As will be gathered, Mr. Trevithick was one of the early officials brought into the country with a view to its rehabilitation. He enjoyed the confidence and trust of Lord Cromer to an unusual degree, and was selected by him for various special tasks. He was, for instance, sent to Russia in 1884 to report on the petroleum industry, and in 1896 to India to report on the railways of that country. In 1900 he was sent to Canada and the United States, also to report on the railway systems. He was typical of the older type of British official, intent upon filling his position honourably and with credit to himself and his country, He fully upheld the high ideals set by Lord Cromer, and expected everybody under him to follow his lead in such things. He built up from small beginnings a very loyal staff of Europeans and others round him, while to the lower grades he was at once the unimpeachable official and friend. By the Egyptians generally, both of high and lowly rank, he was alike honoured and regarded with affection. He possessed what is now a rather rare type of courtesy, was genial in company and attentive to the views of others. He never cared about attracting attention to himself and seldom took part in professional gatherings. When, after an extension beyond the pensionable age, he retired to this country, he finally settled down at Buccleuch House, Richmond, where old associates were always welcome, and continued his interest in locomotive design, taking out a number of patents in the lines with which he had been specially concerned. He was a man of excellent physique, and enjoyed vigorous health to the last. His death occurred when, with his wife, Dr. H. K. Trevithick, J.P., he was leisurely making his way to Marseilles to join the boat for an Egyptian winter visit, to which many of his former friends out there were looking forward.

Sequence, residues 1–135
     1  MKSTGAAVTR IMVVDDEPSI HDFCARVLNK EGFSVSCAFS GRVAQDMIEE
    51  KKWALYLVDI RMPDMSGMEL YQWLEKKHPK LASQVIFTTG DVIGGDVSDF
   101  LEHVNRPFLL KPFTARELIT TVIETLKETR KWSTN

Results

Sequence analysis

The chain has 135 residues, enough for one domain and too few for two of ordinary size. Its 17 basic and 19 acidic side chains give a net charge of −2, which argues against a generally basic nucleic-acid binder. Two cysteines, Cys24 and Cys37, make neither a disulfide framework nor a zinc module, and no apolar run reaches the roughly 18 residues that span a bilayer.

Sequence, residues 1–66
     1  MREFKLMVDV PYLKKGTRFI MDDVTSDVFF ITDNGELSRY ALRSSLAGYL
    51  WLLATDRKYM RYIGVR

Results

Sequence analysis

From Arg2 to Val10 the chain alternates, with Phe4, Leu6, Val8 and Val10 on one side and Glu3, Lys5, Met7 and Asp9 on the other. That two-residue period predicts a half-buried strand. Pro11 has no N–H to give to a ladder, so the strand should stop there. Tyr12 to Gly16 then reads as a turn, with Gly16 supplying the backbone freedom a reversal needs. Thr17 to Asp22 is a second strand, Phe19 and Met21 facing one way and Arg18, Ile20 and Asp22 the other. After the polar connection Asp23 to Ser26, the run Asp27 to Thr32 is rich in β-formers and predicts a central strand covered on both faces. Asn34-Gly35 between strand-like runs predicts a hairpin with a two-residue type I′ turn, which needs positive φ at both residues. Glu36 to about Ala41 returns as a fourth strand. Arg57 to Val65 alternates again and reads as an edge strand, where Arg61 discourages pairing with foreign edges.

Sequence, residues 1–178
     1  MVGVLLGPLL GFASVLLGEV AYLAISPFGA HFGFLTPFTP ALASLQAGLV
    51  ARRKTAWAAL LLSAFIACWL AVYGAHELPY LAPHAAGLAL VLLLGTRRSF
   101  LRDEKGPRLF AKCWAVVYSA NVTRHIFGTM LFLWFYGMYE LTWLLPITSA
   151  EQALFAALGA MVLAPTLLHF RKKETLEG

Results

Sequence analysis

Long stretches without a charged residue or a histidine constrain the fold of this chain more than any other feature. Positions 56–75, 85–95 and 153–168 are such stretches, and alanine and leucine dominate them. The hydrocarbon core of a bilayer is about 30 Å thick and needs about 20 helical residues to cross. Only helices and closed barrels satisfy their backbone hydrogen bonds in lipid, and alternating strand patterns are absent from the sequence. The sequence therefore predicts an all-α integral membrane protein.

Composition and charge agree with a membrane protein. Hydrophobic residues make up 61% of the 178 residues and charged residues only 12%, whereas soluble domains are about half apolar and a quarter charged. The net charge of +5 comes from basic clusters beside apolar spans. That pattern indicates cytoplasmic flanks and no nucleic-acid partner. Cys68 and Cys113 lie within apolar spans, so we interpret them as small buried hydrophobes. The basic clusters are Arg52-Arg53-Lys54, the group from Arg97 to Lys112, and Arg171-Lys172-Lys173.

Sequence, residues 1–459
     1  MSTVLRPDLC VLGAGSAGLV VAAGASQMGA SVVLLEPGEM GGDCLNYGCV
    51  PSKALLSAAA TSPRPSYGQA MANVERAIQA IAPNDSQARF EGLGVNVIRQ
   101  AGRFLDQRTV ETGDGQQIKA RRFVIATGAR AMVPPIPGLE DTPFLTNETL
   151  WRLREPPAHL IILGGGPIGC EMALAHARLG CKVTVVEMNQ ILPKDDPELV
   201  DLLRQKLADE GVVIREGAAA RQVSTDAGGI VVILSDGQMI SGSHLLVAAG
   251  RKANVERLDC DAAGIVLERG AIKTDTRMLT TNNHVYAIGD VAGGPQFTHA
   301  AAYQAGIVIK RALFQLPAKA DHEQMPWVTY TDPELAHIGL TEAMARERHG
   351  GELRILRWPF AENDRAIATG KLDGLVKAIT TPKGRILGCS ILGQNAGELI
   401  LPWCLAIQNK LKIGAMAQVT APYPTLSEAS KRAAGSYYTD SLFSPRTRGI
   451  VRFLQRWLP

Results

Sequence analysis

Mr. Trevithick was made an associate member of the Institution of Civil Engineers in 1881 and a member in 1891. He joined the Institution of Mechanical Engineers in 1913. He was honoured for his work in Egypt by H.H. the Khedive with the Orders of the Medjidieh and Osmanieh."